“Marine cloud brightening” is another solar-related intervention. “The idea is to increase the number and size of low clouds that form over the oceans so that more incoming sunlight bounces back into space instead of heating the ocean.” Scientists have proposed a variety of ways to do this. One, which Mr. Myhrvold’s company has explored, is to outfit ships with equipment to spray seawater into the air as they traverse the ocean. “The salt particles can serve as nuclei for water vapor to condense into droplets, thus forming clouds.”
…Mr. Myhrvold has met with several “very enthusiastic, very brilliant” entrepreneurs who have technologies either to remove carbon dioxide directly from the atmosphere or to make Earth a lot less hot. He recently spent time with a startup that has “a clever idea” for direct air capture. “At one point in the meeting I asked a question that I ask everyone in geoengineering: ‘You’re acting as if the world wants to solve the problem of climate change. Why is that?’ ” He explains his cynicism: “There are activists who oppose funding or experiments. There’s no evidence I can see that many of the people involved in the climate debate want a solution.”
The enthusiastic reaction to the experiment at Livermore Lab reinforces that point. Compared with that fusion reaction, Mr. Myhrvold sees far more promise in conventional nuclear power, or fission. “But there is a crazy notion of only liking some flavors of carbon-free power. Renewables are OK, but nuclear is not.”…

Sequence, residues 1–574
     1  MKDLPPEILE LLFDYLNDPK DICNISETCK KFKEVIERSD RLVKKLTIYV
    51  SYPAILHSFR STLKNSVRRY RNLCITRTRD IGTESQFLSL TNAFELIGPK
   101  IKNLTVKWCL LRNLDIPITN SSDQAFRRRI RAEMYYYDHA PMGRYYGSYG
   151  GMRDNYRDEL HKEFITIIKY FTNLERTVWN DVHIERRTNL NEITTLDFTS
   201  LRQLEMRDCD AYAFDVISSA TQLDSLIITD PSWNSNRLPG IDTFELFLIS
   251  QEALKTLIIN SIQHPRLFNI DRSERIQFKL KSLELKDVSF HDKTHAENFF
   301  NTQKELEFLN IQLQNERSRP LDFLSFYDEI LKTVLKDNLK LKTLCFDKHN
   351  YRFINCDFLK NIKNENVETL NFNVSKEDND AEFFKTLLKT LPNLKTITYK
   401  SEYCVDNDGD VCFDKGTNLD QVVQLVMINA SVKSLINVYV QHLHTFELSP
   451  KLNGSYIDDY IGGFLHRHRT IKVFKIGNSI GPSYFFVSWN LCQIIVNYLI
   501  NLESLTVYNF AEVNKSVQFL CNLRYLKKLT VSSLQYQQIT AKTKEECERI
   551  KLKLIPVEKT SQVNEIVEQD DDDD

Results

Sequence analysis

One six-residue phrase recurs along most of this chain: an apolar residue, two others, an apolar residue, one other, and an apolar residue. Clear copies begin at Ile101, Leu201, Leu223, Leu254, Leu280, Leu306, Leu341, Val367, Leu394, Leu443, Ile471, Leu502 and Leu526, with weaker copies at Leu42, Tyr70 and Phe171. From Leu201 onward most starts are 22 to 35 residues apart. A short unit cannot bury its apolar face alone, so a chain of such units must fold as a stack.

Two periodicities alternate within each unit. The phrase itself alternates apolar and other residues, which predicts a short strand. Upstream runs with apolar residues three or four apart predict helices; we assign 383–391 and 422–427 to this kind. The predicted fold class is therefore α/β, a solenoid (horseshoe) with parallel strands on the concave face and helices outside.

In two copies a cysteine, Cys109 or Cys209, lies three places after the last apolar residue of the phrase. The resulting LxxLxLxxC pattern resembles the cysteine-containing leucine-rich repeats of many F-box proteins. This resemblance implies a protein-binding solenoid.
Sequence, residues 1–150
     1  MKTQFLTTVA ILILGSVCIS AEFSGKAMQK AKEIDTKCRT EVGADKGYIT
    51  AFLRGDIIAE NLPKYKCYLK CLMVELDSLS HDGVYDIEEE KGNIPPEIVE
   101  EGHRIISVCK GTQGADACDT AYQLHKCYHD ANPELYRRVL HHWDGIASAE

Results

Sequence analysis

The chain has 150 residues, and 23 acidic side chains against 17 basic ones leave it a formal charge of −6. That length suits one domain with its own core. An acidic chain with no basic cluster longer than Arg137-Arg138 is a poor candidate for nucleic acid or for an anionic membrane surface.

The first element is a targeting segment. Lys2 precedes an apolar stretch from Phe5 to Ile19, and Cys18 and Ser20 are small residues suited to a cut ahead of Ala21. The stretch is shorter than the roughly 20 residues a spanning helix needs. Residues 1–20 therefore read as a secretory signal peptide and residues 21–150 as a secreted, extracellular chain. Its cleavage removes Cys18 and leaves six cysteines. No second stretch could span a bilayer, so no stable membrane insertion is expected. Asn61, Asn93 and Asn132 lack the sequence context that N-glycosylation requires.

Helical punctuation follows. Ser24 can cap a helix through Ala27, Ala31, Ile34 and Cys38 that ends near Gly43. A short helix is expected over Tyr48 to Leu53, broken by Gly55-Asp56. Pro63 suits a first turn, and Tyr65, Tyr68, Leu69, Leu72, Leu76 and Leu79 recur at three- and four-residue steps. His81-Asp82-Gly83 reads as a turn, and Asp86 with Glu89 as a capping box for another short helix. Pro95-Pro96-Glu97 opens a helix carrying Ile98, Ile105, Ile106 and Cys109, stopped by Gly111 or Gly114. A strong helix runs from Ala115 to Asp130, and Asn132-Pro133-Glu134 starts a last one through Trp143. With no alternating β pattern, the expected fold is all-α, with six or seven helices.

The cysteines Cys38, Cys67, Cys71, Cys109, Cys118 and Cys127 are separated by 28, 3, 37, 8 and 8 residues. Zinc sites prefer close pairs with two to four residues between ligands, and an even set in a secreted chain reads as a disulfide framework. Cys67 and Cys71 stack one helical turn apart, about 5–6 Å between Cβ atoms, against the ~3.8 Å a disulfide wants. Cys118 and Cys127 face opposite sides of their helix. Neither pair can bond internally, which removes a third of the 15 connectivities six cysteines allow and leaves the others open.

Geoengineering would appear to be the application of science par excellence. But along with the activists who “don’t want a technical solution to climate change,” he says, “there’s a second set of people who may not have that ideology, but have a more realpolitik sort of view.” This group—which comprises most Western governments—want “people to shut up” about interventions. … “Opponents worry that once you have geoengineering, people won’t make sacrifices to cut emissions. They want a sword of Damocles hanging over humanity as a means to force us to follow their ideology.”
Mr. Myhrvold uses an analogy he describes as “horrible in some ways.” When the AIDS epidemic hit, some people saw it as punishment from God. “Their attitude was, ‘This is what you get if you indulge in the practices we don’t approve of.’ ” In climate change, he says, this moralistic attitude takes the following form: “I don’t like aspects of our society, I don’t like technology, I don’t like capitalism, and this is nature’s retribution. And so we have to change the way we live.” Such beliefs “have become a very powerful disincentive, particularly for academic researchers.”
Things may have to get worse before they can get better. He believes the opposition will have to cease as the world experiences “very severe climate consequences” and demand rises for “an intervention to fix the problem.” He calls it “insane” not to fund such research and invokes another analogy: heart surgery and stents.
“You could imagine a world in which cardiology doesn’t exist because the medical profession said, ‘You fat bastards. You did it to yourselves. We’re not going to help you.’ ”
Mr. Varadarajan, a Journal contributor, is a fellow at the American Enterprise Institute and at New York University Law School’s Classical Liberal Institute.
Appeared in the February 18, 2023, print edition as ‘Emission Cuts Will Fail. What to Do Then?’.